The Best Short Film winner will receive our custom Global Shorts statuette at no cost to them. The award is manufactured by Society Awards, the same awards company that manufactures the Golden Globe and the Emmy. All winners will receive our Global Shorts Winner laurels in black, white, gold, and silver. More Awards & Prizes to Read More ...
GS: What was the inspiration for your film?
HR: The film is a snapshot of everyday queer, nonbinary life that I feel is lacking in mainstream depictions of our communities. Trans folks often fall victim to the “bury your gays” trope, or pop up in stories that are basically trans torture porn, or we have to first talk about the ways in which we’ve been hurt in order to exist at all. To combat these oppressions, my film centers a group of friends living a life of both interpersonal tribulation and radical joy. A slice of daily, gay-ass life. I also tend to think that joy is at the very heart of life, so when we’re in a joy state we’re connected to life. I wanted that to come across in my film.
GS: When did you conceive the idea for your film and how long did it take before it was realized?
HR: I conceived, plan, shot, and edited the entire film in a week.
I made this film as part of a Scene Analysis class that I took during my second year of my MFA in Film and Media Arts at Temple University. The assignment was to formally recreate one of three scenes with our own original content. I chose to formally recreate a long take from “Y tu mamá también” that showcased a moment in the life of a queer collective house.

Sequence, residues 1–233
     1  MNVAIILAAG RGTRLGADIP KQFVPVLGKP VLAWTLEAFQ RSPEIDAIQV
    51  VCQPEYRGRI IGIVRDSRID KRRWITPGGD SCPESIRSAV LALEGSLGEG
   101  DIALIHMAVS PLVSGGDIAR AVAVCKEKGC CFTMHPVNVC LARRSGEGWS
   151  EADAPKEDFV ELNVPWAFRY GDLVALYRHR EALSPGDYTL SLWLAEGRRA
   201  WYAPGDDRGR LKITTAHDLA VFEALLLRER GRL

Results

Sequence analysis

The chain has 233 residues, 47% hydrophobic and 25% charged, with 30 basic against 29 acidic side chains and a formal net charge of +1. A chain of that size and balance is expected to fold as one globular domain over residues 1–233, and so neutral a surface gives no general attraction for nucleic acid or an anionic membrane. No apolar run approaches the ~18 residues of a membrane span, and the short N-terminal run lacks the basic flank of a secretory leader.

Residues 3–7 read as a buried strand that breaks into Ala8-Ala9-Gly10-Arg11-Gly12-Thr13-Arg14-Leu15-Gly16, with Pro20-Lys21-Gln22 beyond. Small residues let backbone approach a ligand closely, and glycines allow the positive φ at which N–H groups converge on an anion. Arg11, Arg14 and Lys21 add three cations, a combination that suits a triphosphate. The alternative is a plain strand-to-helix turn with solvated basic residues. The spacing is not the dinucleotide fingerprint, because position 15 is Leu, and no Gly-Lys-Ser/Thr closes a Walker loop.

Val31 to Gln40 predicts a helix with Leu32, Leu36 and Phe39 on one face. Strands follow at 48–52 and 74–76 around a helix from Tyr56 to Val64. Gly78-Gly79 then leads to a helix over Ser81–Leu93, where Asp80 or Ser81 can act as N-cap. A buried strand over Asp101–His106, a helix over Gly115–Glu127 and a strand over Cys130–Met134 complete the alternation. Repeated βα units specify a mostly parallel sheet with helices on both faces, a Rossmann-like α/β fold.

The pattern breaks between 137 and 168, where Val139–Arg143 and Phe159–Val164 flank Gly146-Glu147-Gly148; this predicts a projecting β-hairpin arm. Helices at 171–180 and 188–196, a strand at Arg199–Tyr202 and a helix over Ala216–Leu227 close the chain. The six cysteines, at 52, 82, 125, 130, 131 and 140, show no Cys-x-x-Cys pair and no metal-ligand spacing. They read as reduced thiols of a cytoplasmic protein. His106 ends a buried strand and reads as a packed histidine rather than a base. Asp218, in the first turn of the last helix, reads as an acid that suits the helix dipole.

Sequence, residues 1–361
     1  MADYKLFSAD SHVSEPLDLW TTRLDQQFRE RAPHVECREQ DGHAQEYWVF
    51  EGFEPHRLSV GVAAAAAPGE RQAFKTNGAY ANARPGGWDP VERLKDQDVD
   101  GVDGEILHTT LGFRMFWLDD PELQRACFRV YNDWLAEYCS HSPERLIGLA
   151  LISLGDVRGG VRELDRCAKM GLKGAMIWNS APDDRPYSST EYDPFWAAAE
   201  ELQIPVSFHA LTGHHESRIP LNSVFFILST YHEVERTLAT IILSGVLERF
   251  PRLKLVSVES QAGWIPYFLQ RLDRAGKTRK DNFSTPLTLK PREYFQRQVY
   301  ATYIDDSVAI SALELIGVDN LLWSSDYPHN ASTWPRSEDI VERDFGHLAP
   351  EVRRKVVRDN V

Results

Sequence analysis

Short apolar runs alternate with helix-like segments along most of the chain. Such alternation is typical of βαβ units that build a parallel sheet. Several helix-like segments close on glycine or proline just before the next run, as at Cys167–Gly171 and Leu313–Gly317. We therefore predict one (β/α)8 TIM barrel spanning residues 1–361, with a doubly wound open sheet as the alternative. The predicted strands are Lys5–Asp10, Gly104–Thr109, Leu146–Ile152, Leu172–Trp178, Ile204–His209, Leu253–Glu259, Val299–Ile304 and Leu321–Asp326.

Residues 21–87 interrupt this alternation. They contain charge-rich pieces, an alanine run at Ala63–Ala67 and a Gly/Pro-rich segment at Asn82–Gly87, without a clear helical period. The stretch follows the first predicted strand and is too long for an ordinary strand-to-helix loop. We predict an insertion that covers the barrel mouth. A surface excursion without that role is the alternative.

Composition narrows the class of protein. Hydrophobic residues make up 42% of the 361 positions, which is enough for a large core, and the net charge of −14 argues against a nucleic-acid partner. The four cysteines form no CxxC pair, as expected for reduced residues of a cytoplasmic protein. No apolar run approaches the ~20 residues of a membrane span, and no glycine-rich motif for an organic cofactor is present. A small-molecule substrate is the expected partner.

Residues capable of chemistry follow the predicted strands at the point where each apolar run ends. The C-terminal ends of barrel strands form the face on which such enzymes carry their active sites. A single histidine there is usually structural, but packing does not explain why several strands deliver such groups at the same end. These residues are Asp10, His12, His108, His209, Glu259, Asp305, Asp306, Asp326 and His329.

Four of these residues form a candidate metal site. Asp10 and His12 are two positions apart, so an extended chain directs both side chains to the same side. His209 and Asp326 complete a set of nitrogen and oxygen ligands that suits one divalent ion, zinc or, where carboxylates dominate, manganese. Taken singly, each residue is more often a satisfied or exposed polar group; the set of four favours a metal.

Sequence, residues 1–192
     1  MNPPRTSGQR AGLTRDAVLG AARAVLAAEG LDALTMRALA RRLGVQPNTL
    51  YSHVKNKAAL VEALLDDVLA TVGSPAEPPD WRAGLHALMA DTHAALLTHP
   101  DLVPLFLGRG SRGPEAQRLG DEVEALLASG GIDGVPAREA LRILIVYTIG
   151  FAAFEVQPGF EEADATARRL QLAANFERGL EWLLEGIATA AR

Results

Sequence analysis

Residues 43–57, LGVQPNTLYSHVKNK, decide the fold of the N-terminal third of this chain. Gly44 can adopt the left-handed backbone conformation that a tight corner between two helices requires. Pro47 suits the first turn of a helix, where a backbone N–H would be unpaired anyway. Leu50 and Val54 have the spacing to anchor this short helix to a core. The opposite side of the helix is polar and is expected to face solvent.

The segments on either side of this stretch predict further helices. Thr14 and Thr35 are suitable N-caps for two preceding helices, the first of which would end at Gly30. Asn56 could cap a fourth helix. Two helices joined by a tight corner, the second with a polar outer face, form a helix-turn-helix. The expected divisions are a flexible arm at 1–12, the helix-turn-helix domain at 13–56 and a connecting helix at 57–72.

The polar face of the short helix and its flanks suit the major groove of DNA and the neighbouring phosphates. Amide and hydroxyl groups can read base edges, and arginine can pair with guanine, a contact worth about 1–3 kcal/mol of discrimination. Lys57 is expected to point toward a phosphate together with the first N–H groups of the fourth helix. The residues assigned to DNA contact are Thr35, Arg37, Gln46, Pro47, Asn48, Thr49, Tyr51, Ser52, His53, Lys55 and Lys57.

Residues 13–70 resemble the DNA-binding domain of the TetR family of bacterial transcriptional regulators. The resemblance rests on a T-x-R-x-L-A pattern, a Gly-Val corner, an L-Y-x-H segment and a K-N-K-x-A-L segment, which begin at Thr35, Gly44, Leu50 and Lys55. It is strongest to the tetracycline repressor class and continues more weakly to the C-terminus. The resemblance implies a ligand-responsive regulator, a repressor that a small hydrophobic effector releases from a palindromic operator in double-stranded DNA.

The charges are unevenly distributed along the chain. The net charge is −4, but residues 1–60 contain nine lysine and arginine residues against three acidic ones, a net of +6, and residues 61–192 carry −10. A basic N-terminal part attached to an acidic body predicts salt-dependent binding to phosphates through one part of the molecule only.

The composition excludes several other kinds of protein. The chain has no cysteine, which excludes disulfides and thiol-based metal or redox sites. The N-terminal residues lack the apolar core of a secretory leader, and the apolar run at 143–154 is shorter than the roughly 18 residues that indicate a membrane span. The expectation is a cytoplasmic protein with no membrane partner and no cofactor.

GS: What was the most challenging aspect of working in a short film format?
HR: Short films are all about leaving the audience feeling emotionally satisfied from only a small sliver of somebody’s life. This balance is difficult to strike. Too often short films feel like truncated features. To make a short film that truly feels complete requires a level of emotional satisfaction to be achieved from watching characters make a small but significant change over a short period of time. It truly is an art form, and like all art forms takes a while to master.
GS: What was the most challenging aspect of your production?
HR: Getting seven of my friends to act in it with me! Also recreating the formal aspects of a very specific long take from ‘Y tu mamá también” with as much accuracy as possible, under completely different circumstances.
GS: Do you have any advice for first-time filmmakers?
HR: Just make things. Do the thing. It will be bad for a while. Your taste will be far beyond what you can make with your hands. The gap will close. Tell your inner critic to come back in the editing room, or maybe three or four or six or twelve movies in. Aim for quantity over quality for a while. Let short films be your sketchpad. Make things and work with others until you begin to find your aesthetic and your recipe; until something starts to click. Then, strap yourself in and don’t look back.